• Author
      Carly Jacobs 6 years ago

      Absolutely! You’ve just got to go for it because you waste so much time procrastinating about it!

  3. Maxabella 6 years ago

    When I stopped trying to don the lycra and do the gym thing (because that’s what ‘real’ exercise is, right?), I finally got it. I exercise every single day just by living in an exercisey way and I’m a fit and healthy person. Isn’t that what it’s all about? x

    • Author
      Carly Jacobs 6 years ago

      I still do a bit of both but my FitBit totally changed my life. 10,000 steps every day is an absolute life saver and totally achievable!

  4. Jess 6 years ago

    Oh god, stop speaking directly to me! 😉 I needed to hear this today, and I’m definitely a sucker for the trap of being ‘all-in’ on a program or nothing at all. Gotta start me some regular and balanced movement!

    • Author
      Carly Jacobs 6 years ago

      Ha! I’m reading your thoughts through my computer! 🙂

  5. cat@thatbettiething 6 years ago

    I’m very goal orientated. I’ve got some goals I’m trying to achieve at the moment (more related to the frequency than kilos) and I’m going to reward myself once Ive achieved them. Almost like a grown up star chart!!

    • Author
      Carly Jacobs 6 years ago

      I think goals are definitely important and frequency goals are more achievable than kilo goals!

  6. Cath 6 years ago

    Hello! Just to throw my 2 cents worth in, I think the key is finding something you enjoy too. I live surrounded by beautiful forest with lots of hills and lushness, right on my doorstep, but I’ve only properly discovered this in the last 18months! I hit the forest with my phone loaded with podcasts (addicted to podcasts) and run/ walk for over an hour 3-4 times a week. It is my happy place. Just me and my big old dog, the light in the trees, the smell of the earth AND I’m learning new things from the podcasts too! I also share a session with a P.T once a week for an hour with 2 friends and I can highly recommend this too, we laugh SO HARD at our piss weakness in comparison to our P.T who is 15 years older and so crazy fit and buff! I have a Fitbit too, so I try to get to10k steps a day too. Having more energy is the best reward !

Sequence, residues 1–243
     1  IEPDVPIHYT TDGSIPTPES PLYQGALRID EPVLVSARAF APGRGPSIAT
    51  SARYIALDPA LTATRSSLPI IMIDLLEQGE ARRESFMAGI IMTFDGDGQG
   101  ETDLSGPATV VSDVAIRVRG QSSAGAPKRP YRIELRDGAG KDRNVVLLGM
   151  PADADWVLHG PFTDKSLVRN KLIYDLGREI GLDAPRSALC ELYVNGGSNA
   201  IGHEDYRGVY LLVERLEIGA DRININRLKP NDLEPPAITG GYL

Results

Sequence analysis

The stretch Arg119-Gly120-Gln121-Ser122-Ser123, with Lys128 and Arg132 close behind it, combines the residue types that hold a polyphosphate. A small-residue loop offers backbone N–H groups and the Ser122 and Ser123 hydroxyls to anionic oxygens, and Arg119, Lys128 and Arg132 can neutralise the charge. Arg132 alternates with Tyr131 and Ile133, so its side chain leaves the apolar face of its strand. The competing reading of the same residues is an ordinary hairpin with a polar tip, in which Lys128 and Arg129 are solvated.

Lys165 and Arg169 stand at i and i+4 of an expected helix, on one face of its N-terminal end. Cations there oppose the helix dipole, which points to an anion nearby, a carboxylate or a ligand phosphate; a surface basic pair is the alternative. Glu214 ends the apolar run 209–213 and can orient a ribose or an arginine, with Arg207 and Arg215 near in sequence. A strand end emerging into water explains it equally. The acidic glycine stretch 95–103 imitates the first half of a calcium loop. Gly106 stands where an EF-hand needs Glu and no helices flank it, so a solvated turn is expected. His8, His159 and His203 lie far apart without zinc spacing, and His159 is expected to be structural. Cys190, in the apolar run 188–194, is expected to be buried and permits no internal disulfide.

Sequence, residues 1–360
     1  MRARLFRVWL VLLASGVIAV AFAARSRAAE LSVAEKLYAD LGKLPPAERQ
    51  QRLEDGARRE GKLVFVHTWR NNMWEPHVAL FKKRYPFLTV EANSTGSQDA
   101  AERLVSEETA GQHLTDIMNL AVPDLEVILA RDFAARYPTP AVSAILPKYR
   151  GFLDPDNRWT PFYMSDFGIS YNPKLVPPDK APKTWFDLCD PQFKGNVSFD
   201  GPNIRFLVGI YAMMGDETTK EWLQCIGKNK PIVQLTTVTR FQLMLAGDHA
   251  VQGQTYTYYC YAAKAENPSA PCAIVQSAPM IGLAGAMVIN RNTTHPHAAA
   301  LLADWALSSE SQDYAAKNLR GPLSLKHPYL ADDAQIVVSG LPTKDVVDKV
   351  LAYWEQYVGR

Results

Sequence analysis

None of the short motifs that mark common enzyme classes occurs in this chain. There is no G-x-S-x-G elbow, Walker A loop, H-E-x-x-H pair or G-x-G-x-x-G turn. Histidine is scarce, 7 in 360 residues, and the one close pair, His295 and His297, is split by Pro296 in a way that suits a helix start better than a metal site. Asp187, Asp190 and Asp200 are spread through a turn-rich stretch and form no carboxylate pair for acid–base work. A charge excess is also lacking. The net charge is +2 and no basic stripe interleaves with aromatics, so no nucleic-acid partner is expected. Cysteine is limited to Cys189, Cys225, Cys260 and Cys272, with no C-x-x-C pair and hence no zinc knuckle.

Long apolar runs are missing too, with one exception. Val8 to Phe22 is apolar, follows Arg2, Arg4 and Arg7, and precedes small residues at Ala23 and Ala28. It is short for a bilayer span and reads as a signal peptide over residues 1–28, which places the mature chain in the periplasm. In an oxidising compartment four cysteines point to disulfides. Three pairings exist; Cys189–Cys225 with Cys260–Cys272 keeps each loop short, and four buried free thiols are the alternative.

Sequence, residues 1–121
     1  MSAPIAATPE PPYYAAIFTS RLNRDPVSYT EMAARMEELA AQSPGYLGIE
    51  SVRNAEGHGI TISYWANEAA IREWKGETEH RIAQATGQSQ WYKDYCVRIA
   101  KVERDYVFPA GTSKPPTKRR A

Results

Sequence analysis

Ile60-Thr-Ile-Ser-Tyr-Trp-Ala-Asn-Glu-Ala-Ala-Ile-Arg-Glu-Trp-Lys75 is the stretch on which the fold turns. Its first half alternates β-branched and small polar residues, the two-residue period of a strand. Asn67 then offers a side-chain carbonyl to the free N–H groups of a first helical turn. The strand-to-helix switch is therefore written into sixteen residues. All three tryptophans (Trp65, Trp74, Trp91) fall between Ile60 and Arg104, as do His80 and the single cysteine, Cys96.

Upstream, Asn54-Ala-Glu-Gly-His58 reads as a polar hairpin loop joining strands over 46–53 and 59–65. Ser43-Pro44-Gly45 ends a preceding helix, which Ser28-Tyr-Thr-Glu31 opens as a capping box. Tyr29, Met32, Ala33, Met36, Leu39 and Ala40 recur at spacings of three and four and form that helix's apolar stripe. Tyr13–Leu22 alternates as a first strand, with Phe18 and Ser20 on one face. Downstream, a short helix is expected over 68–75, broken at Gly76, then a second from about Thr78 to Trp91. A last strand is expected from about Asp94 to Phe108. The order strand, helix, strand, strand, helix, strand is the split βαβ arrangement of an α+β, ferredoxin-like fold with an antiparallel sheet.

• Author
      Carly Jacobs 6 years ago

      Oh definitely! I actually enjoy the treadmill – lots of people think I’m nuts but I love watching shit TV and smashing out a run!

  7. Flat Bum Mum 6 years ago

    So brilliant! Thanks Carly.
    I love the Michelle Bridges quote. I make exercise part of my day because I want to be healthy….not skinny. i also like feeling sane at the end of the day instead of feeling like a deranged monster who wants to kill everyone in my path! X

    • Author
      Carly Jacobs 6 years ago

      Exactly! I do not cope emotionally if I don’t move my body! I love the MB motivation thing too – totally helps me get out of bed in the morning.

  8. My weird thing is that most people seem to get their motivation/desire to be fit from wanting to look hot for others and feel good about themselves. I already feel good about myself and I’ve always been one of those weirdo’s that cares far more intently what people think of my goodness, intelligence etc than my looks. Doing it for your health is hard to grasp when you’re young so I get a bit stuck on that front. But like you said its about just realising its something you have to do and making it a habit, which I do

    • Author
      Carly Jacobs 6 years ago

      It’s about mental health more than anything which is so important when you’re young! You should try exercising and mood tracking for a month and see how you go!

  9. I think that’s it – it’s not a program it just is, like cleaning your teeth, you just do it because it is the right thing to do, the best thing to do and healthy for you. OK. Mindset changed.

  10. carolyngracebeaumont 6 years ago

    I love that Michelle Bridges quote. Recently I heard something similar that really resonated and I’ve been trying to keep in mind frequently. It’s “mood is a poor indicator of whether or not you should do something” and it’s so true. Also, doing the thing can, and often does, change your mood. I can be feeling too lazy to work out, or unmotivated to do xyz at work, or whatever, but after I force myself to do the thing, my mood has changed noticeably and I feel energized or happy or motivated or confident etc. Way more so than letting my poor mood continue and my behaviour spiral.

    • Author
      Carly Jacobs 6 years ago

      I ADORE that quote. I honestly think that attitude can change your entire day. x

  11. Melissa 6 years ago

    As always, another spot on article that makes me ‘ha’ (that’s a laugh) out loud. Thanks for the giggle with the truth. Inspiration for my day.
    Ps I love the bridge in Florence picture.